It truly is a world of money, sex and power. After all, what else is even interesting? Art? Art is simply a reflection of a world consumed by wealth and pleasure. Politics? The fundamental platform of every politician revolves around his or her exploitation of the seven deadly sins. Sport? Not even close. The innocence and glory that was once athletic competition in the United States has been replaced with BALCO, Kobe’s trial, and Shaq’s excessive appearances on “Cribs.”
On SportsCenter over the weekend I watched Texas Rangers reliever Frank Francisco spike a chair into the face of a female Oakland Athletics fan. Was the fan taunting Francisco in a vile and inappropriate fashion? Probably. Are all fans who go to A’s and Raiders games culturally and mentally deficient? Most likely. Yet it is absolutely and utterly impossible to excuse the rookie for such a display worthy of only the midget wrestler on an episode of Jerry Springer. It’s tough to play in Oakland, rook, just ask Drew Bledsoe.
How could Francisco let himself explode so easily? Why does Barry Bonds continue to dope up in spite of harrowing steroid allegations? Why do celebrities consistently evade the influence and consequence of the law? The answer is simple. They have money. They have power. Most people don’t.
As a culture, we’ve learned to condone and be entertained by the behavior — criminal or otherwise — of superstars. Ricky Williams doesn’t want to play ball this year because he wants to smoke weed? Hurrah! Now there’s a man who knows what he wants to do, and goes out and does it. Ray Lewis feels the need to kill people at will? Fine! As long as he has the blood stains washed off by Sunday. A casual observer looking at the player file of almost any NFL team could easily confuse it with a prison rap sheet. Charles Barkley declaring in a Nike advertisement that he is clearly not, and has no intention of becoming, a role model? Thanks for clearing that one up, Charles.
Is there a way to curb the rampant sense of invulnerability permeating today’s athletes? I suppose we could try to give the game back to the fans. Lower ticket prices, merchandise prices and beer prices (hell, cut beer prices — bring back “Free Beer Night” at Cleveland Municipal Stadium). While we’re at it, no Cornell student should be forced to pay money to see student-athletes play, ever.
We could even abolish the sporting world entirely, turn off ESPN and institute a communist regime (but I don’t think the Cornell Review would approve of that). In essence, we’re content to live in a world where education funding is virtually nonexistent, democracy is only as useful as it is convenient and those in positions of money and power do whatever they want to.
I suppose we can’t really complain, with celebs like The Terminator running the show. I mean, a guy who killed the Predator could never be wrong about anything, right? He saved the damn world!
— The National Hockey League is on the verge of locking out the 2004 hockey season because of a labor disagreement between the player’s union and the owners. Esteemed ILR alumnus Gary Bettman ’74, the acting commissioner of the shattered league, has presided over the woefully ineffective negotiations from day one. Unfortunately for fellow alums like David LeNeveu ’05 and Joe Nieuwendyk ’88, Bettman’s ineptitude has led to unemployment for the athletes of the NHL ranks. Apparently, it does not take being in the spotlight as an athlete to disgracefully abuse one’s position of power. Just ask the current president.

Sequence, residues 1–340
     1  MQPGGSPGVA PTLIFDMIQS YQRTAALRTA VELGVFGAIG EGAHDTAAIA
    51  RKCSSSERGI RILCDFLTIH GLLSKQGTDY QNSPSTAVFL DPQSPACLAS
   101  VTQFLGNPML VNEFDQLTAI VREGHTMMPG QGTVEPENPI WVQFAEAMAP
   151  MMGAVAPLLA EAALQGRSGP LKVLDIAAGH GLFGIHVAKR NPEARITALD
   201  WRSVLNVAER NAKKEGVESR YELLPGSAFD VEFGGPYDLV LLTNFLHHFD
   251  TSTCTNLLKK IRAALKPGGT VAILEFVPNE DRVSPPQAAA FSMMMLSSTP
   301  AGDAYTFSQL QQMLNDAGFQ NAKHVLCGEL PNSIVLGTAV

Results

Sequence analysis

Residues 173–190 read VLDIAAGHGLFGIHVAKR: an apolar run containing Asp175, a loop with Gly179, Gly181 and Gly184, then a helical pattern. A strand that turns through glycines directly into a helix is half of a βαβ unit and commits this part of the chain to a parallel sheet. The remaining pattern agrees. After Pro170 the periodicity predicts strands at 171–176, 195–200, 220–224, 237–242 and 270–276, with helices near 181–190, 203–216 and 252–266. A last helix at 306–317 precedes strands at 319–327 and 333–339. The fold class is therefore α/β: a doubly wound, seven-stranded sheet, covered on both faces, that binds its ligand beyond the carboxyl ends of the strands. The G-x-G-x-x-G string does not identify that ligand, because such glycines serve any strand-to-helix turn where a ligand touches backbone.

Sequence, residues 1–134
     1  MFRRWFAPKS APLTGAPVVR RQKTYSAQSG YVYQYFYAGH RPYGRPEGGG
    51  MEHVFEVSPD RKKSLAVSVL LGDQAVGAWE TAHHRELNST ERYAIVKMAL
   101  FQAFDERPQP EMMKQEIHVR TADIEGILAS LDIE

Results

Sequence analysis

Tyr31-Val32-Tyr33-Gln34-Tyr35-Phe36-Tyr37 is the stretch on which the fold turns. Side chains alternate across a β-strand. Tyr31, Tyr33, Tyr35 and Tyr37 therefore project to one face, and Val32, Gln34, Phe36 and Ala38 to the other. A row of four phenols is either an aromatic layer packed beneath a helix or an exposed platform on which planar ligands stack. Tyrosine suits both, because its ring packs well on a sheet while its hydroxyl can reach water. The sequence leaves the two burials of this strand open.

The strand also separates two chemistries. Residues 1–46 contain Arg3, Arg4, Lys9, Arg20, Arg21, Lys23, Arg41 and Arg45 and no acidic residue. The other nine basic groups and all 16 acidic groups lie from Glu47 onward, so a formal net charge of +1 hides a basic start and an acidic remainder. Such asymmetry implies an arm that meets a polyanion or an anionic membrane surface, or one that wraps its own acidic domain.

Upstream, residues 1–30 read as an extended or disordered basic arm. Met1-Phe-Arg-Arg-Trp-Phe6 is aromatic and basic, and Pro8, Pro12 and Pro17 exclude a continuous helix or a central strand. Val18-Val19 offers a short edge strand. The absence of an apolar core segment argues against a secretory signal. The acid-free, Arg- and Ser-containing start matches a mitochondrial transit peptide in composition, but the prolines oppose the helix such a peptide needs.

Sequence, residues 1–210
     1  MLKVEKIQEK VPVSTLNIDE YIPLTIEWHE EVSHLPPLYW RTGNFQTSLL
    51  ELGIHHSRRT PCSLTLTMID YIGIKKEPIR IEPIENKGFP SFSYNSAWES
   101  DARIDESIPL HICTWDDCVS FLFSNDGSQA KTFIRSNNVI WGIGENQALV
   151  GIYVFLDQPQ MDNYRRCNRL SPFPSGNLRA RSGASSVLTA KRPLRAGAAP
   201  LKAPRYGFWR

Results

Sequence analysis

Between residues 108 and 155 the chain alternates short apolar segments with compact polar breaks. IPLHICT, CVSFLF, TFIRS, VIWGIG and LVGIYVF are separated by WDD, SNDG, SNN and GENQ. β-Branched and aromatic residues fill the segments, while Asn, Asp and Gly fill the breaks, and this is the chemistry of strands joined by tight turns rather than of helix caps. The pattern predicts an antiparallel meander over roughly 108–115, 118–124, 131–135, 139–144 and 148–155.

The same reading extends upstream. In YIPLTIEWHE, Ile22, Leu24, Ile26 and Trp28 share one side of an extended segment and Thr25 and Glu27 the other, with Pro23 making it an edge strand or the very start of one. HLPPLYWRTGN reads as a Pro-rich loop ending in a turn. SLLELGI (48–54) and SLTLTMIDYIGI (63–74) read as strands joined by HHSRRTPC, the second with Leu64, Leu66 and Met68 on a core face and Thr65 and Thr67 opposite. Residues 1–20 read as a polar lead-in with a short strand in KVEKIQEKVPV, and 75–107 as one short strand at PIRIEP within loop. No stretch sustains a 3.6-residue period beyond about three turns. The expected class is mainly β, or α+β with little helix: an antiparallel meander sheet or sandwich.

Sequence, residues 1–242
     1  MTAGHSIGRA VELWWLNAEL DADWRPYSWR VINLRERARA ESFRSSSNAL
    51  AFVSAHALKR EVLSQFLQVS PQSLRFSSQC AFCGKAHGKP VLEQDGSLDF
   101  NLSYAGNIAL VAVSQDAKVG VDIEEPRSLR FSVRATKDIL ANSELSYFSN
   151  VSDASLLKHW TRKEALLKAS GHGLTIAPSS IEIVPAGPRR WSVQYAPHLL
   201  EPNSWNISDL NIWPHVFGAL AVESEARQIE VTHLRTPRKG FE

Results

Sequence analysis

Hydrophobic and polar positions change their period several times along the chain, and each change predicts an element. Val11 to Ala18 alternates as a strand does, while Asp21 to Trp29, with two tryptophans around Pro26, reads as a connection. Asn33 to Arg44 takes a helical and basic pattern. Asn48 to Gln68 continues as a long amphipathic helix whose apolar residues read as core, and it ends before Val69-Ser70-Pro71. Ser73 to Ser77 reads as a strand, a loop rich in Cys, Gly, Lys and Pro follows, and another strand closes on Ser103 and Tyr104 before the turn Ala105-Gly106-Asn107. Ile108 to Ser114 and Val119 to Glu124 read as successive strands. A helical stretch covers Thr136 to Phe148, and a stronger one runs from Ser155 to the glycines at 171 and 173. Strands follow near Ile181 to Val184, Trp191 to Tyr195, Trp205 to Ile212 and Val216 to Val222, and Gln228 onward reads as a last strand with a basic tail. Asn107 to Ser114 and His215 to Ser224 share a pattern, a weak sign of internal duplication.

— Yankees power hitter Jason Giambi spent much of the summer sidelined with a mysterious stomach ailment that also afflicted fellow power slugger Gary Sheffield. Since his recent return to the lineup, Giambi has gone 1-32, his first hit — a homer — coming on Tuesday night of this week.
In the years leading up to his untimely death at age 43, former Los Angeles Raiders defensive end Lyle Alzado complained of excessive stomach pain and was often sidelined in his final playing days because of unknown illnesses. Just prior to his death from brain cancer in 1992, Alzado admitted to using steroids consistently since 1969. The 1984 Super Bowl winner’s final wish? “That no one else ever dies this way.”
I only hope that Giambi’s current slump means that he has given up the needle for good.
— Mmm… money …power … money … power…what was the other thing I was supposed to go over? Ah yes, sex! Here’s a happier topic. Recently, musician/actress/dream woman Britney Spears tied the knot for the second time this year, on this occasion to backup dancer Kevin Federline. The crew of Pardon the Interruption gave a five month prediction — a figure I think is a bit high considering the pop queen’s last trip down the aisle was annulled in three days. As fraternity boys everywhere collectively weep over this announcement, I take solace in the fact that 2004 Wimbledon champ and tennis goddess Maria Sharapova is still available and flash-in-the-pan Spanish singer Shakira needs a big announcement to prolong her 15 minutes. She needs a power move: something like an unexpected and shocking marriage to an Ivy League undergrad.
— Other things to watch out for in the next two weeks: The powerful Philadelphia Eagles starting 4-0…the “moneyball” Dodgers actually on the verge of a National League playoff berth…the sexy Cornell women’s soccer team running away with the Ivy League…the money Andre Nickatina and his single “Ayo forYayo,” and the powerful and sexy readers of the Sun, who have borne with me thus far.
Archived article by Kyle Sheahen